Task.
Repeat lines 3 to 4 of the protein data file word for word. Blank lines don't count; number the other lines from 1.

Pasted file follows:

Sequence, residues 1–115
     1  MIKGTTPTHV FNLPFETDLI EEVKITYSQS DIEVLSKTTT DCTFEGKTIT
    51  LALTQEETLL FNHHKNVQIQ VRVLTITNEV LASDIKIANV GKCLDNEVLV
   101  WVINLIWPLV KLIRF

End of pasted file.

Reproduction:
    51  LALTQEETLL FNHHKNVQIQ VRVLTITNEV LASDIKIANV GKCLDNEVLV
   101  WVINLIWPLV KLIRF